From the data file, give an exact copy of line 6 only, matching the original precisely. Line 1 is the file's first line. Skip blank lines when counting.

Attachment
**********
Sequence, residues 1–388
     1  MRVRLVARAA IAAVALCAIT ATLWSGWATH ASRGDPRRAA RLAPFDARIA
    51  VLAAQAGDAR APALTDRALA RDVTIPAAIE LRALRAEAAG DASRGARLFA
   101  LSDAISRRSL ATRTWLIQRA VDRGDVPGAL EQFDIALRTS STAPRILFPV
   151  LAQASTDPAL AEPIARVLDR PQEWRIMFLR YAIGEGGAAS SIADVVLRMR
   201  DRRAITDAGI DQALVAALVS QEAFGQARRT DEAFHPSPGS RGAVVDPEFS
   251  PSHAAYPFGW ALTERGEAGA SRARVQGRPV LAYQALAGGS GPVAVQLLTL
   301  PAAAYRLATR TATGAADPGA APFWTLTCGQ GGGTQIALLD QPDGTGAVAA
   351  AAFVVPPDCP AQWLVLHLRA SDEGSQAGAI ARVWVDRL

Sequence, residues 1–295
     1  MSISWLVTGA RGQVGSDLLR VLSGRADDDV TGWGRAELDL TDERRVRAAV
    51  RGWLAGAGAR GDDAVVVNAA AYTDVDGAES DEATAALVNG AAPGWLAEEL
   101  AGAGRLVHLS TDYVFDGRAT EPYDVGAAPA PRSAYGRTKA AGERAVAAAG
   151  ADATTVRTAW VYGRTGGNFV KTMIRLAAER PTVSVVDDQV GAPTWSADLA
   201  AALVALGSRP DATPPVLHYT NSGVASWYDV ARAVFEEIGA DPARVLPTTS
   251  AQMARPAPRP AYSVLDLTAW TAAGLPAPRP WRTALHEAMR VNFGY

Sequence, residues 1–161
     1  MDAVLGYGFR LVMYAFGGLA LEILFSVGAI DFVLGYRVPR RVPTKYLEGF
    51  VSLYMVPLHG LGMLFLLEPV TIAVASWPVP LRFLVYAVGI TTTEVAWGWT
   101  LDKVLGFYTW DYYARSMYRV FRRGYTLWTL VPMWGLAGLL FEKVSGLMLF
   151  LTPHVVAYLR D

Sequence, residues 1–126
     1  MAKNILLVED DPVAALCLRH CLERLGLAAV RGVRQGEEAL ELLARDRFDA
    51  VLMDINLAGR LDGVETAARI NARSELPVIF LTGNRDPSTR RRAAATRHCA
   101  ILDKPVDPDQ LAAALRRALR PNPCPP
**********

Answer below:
   201  DRRAITDAGI DQALVAALVS QEAFGQARRT DEAFHPSPGS RGAVVDPEFS